On Monday, April 12, the college reported that Carleton would be moving forward at ‘Level 2: Medium.’ One factor that reportedly affected this decision was the relatively low infection rate of  0.78%.  

Administrators reinforced the need for Carleton students to follow the Covenant and maintain precautions such as social distancing and wearing masks. 

They also stated in the April 12 announcement that there is reason to be optimistic, as 43% of students, faculty, staff and regular contractors had reported to the college that they had received at least one dose of a COVID-19 vaccine.

The school continues to distribute the vaccine to the Carleton community, with an on-campus vaccine clinic through Thrifty White Pharmacy set to distribute 500 doses next week, according to an April 15 announcement.

The apparent rise in virus transmissibility to close contacts could also be a result of a change in attitude of the student body, rather than the presence of a new variant. With more people on campus, student life feels like it is returning to ‘normal.’ This mentality is easy to adopt as peers and friends reunite. Certainly, regardless of the case numbers, it is important to continue to practice safe behaviors of masking, distancing and hand-washing. 

Encouragingly, though, 12% of the school is fully vaccinated. As the college continues distributing new vaccines each week—and partially vaccinated community members become eligible for their second doses—these numbers are expected to grow steadily.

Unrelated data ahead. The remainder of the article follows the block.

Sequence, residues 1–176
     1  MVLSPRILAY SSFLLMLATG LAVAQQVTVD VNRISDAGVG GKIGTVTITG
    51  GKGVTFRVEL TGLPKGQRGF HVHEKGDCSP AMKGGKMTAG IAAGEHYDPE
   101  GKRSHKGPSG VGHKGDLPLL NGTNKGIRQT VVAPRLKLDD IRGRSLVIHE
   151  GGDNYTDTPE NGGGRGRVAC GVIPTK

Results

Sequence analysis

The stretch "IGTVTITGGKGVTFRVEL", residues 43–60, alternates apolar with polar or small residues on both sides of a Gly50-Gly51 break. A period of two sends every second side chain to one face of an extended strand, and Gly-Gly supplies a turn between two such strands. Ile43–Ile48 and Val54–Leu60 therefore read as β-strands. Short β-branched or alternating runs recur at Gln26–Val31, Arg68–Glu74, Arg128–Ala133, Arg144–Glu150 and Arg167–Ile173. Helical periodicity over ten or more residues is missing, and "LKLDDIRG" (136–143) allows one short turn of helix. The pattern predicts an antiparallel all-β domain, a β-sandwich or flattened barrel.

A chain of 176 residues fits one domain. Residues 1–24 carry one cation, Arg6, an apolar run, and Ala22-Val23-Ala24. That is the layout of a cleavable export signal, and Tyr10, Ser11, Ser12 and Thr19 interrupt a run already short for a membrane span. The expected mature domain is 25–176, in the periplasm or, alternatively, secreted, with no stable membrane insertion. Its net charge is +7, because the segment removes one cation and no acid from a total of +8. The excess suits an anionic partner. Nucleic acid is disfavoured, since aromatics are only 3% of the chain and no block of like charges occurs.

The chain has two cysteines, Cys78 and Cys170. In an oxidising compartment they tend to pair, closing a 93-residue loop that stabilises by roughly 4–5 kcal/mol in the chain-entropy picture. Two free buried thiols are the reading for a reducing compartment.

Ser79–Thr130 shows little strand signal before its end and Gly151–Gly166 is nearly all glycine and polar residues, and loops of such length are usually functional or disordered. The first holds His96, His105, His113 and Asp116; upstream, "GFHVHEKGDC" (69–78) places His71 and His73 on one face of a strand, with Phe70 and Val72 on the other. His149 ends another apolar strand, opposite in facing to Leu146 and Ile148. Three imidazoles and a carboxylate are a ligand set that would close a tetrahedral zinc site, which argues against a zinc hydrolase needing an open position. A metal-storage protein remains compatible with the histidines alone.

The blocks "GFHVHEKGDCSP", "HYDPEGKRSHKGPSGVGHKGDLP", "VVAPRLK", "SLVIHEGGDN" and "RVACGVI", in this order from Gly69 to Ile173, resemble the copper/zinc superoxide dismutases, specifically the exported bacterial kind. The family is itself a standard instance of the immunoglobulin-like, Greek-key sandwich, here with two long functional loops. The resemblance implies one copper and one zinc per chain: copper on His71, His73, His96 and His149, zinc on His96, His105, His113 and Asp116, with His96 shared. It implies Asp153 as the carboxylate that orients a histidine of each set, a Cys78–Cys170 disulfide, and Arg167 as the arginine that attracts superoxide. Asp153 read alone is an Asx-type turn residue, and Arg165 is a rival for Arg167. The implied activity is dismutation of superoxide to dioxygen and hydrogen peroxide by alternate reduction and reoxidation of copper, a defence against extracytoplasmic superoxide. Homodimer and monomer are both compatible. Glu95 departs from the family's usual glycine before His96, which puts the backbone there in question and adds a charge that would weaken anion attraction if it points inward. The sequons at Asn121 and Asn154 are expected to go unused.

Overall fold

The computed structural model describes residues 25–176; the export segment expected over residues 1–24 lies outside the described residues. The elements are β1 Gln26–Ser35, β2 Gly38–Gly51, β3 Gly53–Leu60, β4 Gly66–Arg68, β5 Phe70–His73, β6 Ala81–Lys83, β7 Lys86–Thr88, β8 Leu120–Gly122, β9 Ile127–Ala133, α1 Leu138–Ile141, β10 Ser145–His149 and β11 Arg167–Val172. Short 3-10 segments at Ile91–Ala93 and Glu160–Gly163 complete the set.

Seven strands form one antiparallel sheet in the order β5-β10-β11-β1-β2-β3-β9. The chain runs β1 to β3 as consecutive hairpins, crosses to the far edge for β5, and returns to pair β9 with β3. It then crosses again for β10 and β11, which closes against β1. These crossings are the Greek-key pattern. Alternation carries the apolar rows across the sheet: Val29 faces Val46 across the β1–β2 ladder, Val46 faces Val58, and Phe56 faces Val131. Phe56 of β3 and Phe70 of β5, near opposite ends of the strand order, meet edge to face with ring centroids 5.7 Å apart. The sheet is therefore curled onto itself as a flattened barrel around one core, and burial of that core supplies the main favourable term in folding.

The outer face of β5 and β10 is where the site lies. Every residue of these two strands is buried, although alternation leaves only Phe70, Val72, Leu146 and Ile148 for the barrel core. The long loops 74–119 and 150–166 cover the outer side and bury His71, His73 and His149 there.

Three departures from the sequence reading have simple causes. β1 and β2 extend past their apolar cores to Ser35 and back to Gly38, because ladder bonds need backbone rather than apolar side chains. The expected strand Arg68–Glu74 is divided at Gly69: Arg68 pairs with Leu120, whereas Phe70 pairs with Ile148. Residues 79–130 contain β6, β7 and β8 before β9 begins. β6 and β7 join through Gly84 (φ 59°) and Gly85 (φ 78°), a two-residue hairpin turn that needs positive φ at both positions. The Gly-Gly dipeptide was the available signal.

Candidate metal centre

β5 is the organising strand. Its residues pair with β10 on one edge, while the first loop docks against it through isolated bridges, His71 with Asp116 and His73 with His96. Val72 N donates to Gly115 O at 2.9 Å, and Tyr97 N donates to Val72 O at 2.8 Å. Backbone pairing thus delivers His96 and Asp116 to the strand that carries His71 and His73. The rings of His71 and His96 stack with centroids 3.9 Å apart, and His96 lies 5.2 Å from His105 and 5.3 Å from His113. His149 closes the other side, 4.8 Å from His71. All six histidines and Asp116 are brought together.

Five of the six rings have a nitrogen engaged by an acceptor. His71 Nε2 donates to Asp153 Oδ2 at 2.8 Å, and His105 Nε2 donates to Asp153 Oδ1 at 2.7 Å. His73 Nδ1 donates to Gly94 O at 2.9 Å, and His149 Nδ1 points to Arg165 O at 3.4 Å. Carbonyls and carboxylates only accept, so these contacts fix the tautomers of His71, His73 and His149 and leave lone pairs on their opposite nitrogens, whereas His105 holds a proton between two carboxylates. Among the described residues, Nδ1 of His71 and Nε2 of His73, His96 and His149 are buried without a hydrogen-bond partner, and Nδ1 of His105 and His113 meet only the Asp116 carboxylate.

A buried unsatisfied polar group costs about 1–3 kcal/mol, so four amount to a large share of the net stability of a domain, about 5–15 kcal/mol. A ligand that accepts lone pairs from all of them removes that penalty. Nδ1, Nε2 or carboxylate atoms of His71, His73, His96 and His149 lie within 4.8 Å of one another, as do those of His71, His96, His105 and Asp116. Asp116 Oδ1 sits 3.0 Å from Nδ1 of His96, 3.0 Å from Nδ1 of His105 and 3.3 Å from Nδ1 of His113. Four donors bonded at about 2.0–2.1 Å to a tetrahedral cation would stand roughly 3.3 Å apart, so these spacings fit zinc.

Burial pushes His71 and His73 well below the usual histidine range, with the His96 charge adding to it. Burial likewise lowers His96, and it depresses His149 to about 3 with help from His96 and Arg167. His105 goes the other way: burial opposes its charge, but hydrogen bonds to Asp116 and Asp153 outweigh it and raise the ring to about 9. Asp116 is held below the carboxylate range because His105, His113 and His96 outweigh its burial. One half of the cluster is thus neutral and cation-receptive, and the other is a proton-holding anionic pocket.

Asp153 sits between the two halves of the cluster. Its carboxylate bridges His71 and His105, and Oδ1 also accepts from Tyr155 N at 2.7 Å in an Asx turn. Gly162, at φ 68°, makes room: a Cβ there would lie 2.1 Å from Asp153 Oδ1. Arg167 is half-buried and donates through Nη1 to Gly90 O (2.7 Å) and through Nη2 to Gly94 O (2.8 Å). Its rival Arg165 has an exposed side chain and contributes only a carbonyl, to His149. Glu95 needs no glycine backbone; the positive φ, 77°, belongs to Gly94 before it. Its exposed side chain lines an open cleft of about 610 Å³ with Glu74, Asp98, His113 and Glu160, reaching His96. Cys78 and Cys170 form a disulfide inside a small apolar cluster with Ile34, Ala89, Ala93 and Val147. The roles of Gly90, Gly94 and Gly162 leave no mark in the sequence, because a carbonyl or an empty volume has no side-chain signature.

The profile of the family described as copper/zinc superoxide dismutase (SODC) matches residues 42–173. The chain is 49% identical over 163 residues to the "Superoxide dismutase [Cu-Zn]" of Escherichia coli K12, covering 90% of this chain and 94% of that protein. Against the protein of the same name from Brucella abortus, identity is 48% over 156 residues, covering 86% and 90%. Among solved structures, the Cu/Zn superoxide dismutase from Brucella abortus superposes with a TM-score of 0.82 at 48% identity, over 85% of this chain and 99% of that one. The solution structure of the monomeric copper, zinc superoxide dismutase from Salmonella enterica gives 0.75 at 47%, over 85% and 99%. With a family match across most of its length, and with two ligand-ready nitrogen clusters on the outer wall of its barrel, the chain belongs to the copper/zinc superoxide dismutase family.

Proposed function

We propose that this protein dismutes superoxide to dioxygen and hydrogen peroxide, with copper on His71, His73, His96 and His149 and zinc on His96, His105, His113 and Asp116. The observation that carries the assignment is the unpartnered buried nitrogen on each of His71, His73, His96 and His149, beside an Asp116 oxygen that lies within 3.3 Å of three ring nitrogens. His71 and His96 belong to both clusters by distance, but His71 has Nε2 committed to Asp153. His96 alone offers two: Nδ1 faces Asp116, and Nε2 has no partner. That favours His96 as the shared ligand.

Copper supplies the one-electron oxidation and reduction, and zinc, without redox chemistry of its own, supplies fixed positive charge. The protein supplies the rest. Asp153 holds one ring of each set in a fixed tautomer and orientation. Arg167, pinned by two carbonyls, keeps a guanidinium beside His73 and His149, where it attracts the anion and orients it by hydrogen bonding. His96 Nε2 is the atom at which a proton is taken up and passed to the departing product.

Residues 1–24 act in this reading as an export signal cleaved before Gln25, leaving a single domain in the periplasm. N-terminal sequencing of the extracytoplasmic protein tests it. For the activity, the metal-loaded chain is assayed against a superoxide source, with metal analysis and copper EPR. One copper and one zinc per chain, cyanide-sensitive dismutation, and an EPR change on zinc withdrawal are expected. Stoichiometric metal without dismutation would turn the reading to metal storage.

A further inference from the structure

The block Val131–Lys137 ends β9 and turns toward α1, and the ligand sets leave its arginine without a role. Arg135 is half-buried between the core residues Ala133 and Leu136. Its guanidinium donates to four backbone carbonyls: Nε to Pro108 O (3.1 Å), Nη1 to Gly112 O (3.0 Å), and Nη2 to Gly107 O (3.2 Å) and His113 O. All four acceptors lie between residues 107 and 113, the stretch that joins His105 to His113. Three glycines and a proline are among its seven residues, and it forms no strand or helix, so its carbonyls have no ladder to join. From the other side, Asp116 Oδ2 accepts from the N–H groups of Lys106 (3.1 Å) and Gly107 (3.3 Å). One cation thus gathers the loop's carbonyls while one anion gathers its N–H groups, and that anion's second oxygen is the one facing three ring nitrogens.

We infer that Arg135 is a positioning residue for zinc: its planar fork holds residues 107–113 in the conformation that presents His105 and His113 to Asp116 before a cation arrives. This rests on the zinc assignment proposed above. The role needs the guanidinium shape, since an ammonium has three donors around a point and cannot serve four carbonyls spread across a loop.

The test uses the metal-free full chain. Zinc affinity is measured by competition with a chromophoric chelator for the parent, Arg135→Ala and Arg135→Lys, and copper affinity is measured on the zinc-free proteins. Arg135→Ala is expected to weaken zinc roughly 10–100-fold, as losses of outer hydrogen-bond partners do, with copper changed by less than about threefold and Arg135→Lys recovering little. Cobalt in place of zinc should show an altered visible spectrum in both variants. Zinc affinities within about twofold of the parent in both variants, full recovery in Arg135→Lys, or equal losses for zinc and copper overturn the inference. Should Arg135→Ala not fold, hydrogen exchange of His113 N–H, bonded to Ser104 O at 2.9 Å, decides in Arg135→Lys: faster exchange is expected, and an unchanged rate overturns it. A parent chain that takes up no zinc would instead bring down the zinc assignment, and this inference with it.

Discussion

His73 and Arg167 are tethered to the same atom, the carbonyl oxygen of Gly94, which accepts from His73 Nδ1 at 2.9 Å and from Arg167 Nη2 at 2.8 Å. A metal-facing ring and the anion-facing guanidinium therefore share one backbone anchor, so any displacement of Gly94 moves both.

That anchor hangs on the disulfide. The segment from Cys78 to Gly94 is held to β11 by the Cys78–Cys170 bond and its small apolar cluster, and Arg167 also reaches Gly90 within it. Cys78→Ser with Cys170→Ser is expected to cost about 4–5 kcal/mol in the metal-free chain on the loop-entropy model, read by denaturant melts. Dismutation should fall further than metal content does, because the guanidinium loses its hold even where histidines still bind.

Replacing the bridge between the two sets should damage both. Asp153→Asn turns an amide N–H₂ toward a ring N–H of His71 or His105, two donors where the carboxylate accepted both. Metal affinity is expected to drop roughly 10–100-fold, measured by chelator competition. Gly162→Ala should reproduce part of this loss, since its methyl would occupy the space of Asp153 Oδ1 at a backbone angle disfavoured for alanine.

Correction: Sunday, April 18 — The version of this article that appeared in our Friday, April 16 print edition stated that the average number of close contacts reported by infected students had “nearly tripled in size” during the first two weeks of Spring Term when compared to the last two weeks of Fall Term, when a rise in COVID-19 cases was also observed on campus. This phrase was misleading because only one possible pairing of the four figures cited in the sentence yields a calculated increase as large as threefold. The sentence has been edited to state the broader claim that the average number of close contacts “has significantly increased” between the two periods.